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The Carletonian

The Carletonian

The Carletonian

SWArticle: What is the time-drain trap?

<t part of fall term. Midterm break has since passed us by all too quickly, leaving lagniappes loaded with to-do’s and days flying with a whirl of obligations. As finals approach, paper deadlines are assigned, and the thermometer reading starts hurriedly dropping, most of us are probably spending more time hunkered down indoors getting work done. This article is about avoiding the dreadful situation I refer to as the “time-drain trap”.

The “time-drain trap” usually occurs when a big deadline is approaching. It is far too easy to spend so much continuous time working on a single assignment that your cognitive abilities start to wear out. Planners and procrastinators alike put their proverbial noses to the grindstone and begin to churn out papers and projects in a single sitting. In reality, however, spending continuous hours working on a single assignment can be more than just agonizingly taxing and stressful, it can be downright inefficient, and a waste of precious college time.

Exercising your mind is like exercising your body, it is a healthy activity but only when done in proper proportion. Just as it would be unwise to lift weights for hours on end, or to limit a physical workout to only a few particular muscle groups, it can be equally unproductive and unhealthy to flex the same cognitive muscles for a long time. For the sake of your paper, and your health, I recommend the following remedies.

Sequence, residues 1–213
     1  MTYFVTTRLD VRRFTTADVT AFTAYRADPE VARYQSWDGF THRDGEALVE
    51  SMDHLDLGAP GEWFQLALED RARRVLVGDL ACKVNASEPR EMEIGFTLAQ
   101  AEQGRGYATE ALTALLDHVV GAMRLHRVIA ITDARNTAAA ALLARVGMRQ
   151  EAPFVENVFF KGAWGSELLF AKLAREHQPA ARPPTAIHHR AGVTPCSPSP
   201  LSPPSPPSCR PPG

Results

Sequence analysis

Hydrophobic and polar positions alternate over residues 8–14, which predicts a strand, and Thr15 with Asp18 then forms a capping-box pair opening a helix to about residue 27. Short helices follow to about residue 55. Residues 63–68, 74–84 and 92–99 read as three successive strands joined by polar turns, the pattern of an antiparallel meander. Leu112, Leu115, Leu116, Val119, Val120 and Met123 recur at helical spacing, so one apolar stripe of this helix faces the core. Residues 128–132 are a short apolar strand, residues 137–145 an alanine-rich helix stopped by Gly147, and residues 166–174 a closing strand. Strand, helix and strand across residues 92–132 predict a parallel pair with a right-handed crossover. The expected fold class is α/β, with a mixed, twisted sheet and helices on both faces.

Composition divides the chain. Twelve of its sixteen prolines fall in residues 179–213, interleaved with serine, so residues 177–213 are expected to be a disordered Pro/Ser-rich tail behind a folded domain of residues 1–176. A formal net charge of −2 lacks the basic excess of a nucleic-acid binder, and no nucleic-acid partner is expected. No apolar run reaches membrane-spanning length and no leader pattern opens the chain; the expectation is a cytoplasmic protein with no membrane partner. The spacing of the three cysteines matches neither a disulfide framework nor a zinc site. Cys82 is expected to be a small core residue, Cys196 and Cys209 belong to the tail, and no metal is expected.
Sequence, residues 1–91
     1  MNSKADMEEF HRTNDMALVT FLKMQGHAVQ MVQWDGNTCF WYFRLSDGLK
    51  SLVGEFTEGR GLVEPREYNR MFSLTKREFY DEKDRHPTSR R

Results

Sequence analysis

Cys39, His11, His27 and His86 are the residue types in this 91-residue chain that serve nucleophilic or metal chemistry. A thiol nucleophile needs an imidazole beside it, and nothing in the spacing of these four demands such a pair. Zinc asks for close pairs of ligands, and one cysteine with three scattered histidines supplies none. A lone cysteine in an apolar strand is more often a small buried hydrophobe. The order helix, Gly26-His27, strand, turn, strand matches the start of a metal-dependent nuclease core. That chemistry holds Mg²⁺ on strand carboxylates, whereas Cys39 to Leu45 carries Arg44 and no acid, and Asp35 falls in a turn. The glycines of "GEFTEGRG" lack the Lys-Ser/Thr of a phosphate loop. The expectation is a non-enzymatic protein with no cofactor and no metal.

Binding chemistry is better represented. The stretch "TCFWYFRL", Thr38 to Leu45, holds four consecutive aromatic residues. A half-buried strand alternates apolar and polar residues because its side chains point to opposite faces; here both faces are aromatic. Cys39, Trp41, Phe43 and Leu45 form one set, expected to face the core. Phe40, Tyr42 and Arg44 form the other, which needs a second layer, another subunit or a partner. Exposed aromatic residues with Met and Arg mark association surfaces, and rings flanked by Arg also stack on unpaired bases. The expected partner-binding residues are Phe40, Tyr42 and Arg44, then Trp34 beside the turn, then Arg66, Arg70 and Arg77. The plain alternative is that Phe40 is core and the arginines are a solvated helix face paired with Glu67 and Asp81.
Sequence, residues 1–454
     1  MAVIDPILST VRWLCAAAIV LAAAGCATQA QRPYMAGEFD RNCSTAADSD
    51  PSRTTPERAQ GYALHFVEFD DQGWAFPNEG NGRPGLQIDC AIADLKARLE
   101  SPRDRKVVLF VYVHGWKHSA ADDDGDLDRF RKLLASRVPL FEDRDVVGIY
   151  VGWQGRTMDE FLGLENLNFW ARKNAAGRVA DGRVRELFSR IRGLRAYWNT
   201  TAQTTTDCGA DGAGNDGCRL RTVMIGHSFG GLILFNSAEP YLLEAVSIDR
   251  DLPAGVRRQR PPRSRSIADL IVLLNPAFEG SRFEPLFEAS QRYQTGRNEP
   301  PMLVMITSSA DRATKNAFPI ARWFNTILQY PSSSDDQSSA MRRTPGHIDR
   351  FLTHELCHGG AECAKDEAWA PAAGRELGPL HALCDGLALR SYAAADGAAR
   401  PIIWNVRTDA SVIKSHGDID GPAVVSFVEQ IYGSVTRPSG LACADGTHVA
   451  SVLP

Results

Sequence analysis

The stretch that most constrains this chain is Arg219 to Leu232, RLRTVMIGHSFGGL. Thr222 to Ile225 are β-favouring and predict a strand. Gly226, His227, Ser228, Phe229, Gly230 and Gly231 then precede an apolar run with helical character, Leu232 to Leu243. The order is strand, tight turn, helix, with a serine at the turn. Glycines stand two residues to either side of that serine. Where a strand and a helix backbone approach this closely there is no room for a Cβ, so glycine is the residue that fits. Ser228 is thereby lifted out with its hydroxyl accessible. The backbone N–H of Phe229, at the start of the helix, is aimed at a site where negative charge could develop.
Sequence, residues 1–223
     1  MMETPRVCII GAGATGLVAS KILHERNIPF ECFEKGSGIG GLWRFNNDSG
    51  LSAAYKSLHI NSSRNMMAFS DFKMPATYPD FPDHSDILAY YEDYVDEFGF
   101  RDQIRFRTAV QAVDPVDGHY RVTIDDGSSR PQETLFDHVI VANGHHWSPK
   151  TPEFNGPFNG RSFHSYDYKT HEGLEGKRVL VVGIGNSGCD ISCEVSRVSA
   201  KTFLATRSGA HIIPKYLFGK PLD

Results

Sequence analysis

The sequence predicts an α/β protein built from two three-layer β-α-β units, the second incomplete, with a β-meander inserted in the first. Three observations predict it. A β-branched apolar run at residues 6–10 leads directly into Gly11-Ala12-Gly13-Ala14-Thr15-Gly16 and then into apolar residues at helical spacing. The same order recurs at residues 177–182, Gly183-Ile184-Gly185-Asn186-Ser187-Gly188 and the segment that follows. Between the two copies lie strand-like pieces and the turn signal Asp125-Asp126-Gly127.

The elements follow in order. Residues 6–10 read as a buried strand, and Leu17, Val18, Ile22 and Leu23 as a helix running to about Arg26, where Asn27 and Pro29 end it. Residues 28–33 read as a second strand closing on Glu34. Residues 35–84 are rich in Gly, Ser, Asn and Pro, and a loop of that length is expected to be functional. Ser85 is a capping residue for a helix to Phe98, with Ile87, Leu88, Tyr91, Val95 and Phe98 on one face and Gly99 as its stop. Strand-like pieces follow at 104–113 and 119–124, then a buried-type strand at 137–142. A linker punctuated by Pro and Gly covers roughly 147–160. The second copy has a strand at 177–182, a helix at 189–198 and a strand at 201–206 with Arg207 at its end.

One, switch things up when getting work done. This may consist of taking a break from your paper to immerse yourself in a math problem set, or taking a break from Chinese homework to review your religion notes.

Two, in addition to switching up subjects, simply changing the place where you are studying can often leave you feeling less stressed and more rejuvenated. From coffee shops to upper Sayles to the link between Olin and Mudd to the lounge in Boliou, Carleton’s campus has many lovely locations to choose from. A personally favorite is The Hideaway, a less crowded coffeeshop further down Division. Even if you cannot or do not want to move your things, simply changing the music you are listening to while working can lower your stress level and refocus your mind.

Three, take breaks. Leaving work behind, whether it involves a walk around the bald spot or an episode of your favorite TV show, can be refreshing. A trip to the Rec or an IM sporting event are other great ways to get your mind off your work for a bit, and let’s not forget about the incredible healing properties of SWAffice hours!

Breaks that take you off campus, for example, a brief walk into town, can be particularly effective at rescuing your motivation and eliminating brain-strain. Take it from this senior, there is something truly therapeutic about closing the books for a bit. Whether it is planning to attend an evening in the cities with a group of friends, or a walk down to the Cannon River, breaks are an important part of the College experience that often get lost in the “Carleton Bubble.”

In the end, switching things up, like your work, location, or music, and study breaks will not only provide you with good memories and diverse college experiences, but they will also improve your efficiency when you do sit down to write that term paper.

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